Referendum ends 20-year ban on political parties

Ugandans on Thursday voted overwhelmingly to repeal a two-decade ban on political parties in a national referendum that was, however, boycotted by the opposition, the electoral commission announced on Saturday.

A total of 92.5 percent of voters who participated in the plebiscite backed the reforms, based on returns from 99.6 percent of the polling stations.

"The commission hereby declares that the people of Uganda have adopted a multi-party political system henceforth," Badru Kiggundu, the head of the election commission, said.

The "no" vote accounted for only 7.5 percent of the ballots cast, with the overall turnout hovering at 47 percent, Kiggundu told reporters.

Although the strong "yes" vote was claimed as a victory for President Yoweri Museveni - who had campaigned to repeal the ban on parties - there were fears that the low turnout had dashed his hopes for a nationwide consensus.

His opponents, who have long called for the re-introduction of parties, but who called a boycott of the referendum, also claimed victory due to the low voter numbers. They said there could never be any justification for putting to a vote the fundamental right of association and assembly.

"The low turnout is a reflection of the decreasing support on the side of the president. We have reports of very low turnout from many places in the country despite vigorous campaigning by the president," Paul Ssemogerere, Democratic Party president, told IRIN.

Local and international observers cited poor civic education, general apathy and heavy rains that on Thursday in much of Uganda as other possible reasons for the poor turnout.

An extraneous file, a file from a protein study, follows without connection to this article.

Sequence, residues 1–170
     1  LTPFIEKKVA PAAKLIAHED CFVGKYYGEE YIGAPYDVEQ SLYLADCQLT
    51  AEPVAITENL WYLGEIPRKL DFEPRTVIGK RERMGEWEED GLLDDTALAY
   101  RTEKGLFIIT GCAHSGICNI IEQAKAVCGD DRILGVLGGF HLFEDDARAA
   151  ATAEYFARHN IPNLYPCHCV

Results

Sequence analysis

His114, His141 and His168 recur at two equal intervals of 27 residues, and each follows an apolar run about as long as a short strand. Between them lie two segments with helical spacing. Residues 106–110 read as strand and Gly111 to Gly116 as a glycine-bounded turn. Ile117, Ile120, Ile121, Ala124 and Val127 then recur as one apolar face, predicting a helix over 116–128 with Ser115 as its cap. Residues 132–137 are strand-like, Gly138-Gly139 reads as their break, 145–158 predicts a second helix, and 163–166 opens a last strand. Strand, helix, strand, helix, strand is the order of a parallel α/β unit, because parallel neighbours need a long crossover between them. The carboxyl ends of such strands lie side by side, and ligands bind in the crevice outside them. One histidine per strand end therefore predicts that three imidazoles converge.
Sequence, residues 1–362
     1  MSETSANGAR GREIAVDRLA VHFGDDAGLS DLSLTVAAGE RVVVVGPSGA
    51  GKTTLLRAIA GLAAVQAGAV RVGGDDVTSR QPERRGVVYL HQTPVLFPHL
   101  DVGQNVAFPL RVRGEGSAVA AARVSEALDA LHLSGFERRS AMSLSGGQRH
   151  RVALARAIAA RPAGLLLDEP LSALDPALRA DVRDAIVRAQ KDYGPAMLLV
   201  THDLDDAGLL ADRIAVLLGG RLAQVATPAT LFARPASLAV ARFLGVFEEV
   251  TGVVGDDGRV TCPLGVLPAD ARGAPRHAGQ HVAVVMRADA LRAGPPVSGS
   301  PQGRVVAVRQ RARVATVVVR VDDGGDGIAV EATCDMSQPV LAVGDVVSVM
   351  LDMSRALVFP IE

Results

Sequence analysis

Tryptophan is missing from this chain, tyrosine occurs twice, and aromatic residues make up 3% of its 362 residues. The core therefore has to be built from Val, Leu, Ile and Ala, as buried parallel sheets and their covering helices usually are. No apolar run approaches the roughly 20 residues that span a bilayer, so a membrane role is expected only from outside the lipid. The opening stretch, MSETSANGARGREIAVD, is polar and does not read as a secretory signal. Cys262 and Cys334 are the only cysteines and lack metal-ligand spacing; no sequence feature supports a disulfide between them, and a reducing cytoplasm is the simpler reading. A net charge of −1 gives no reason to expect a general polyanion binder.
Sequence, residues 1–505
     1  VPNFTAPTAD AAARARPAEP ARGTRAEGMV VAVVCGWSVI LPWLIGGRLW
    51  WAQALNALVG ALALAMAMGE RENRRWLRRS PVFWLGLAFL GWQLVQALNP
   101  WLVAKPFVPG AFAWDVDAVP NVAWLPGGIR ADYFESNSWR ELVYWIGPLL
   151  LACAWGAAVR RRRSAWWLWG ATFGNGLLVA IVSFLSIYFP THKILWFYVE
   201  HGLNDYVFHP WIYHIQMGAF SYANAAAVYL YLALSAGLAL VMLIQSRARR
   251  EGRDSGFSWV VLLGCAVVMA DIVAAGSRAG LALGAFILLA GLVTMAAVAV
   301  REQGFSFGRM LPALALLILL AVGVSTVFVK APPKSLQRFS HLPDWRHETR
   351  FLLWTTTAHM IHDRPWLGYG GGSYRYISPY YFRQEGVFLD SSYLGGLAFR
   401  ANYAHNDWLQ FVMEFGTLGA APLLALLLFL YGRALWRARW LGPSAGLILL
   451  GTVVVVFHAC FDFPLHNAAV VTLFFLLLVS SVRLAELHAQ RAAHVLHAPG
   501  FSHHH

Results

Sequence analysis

A spokesman for the president's "Movement" organisation, the only fully functional political entity in Uganda since Museveni came to power in 1986, said the results indicated the commitment of the government to democratic reform.

"We wanted the matter of opening up decided by the population and we know we have scored this, though the opposition tried so much to block it," Ofwono Opondo said.

"We also wanted to prove to the world that we wanted to open up. People were sceptical that after 19 years we would not open up. We have done it and we have found out that the people still believe in the Movement," the spokesman added.

Opposition legislator Omara Atubo told IRIN Museveni's desire for change was merely "a facade behind which he is trying to hide ambitions to rule for life".

Atubo cited last month's parliamentary decision to lift presidential term limits, effectively allowing Museveni to seek re-election during elections in 2006.

International observers gave the exercise a clean bill of health, and said it was handled in a transparent manner, although they noted that few people had actually cast ballots.

"It was free and fair, without any intimidation or people being forced to vote one way or the other, but there was a lower turnout than we expected," Peter Carr-Locke, a Canadian observer who monitored the polls in eastern Uganda, told IRIN by phone.

Museveni, who for two decades fought to retain his "no-party democracy" system, had vigorously campaigned for a "yes" vote, a u-turn that critics say was driven by his desire to appease the international community, which has grown weary of the slow pace of political transition.

The president on Saturday told diplomats that the victory of the "yes" side represented a decision by the people of Uganda.

"The option of using parliament to change the political system would have greatly offended the majority of the people of Uganda," he said.

He played down the low turnout or suggestions that the population boycotted the referendum.

"The most important thing is that the people were given an opportunity and those who took it up decided to open up political space by voting Yes. As far as the outcome is concerned, I am home and dry," the president said.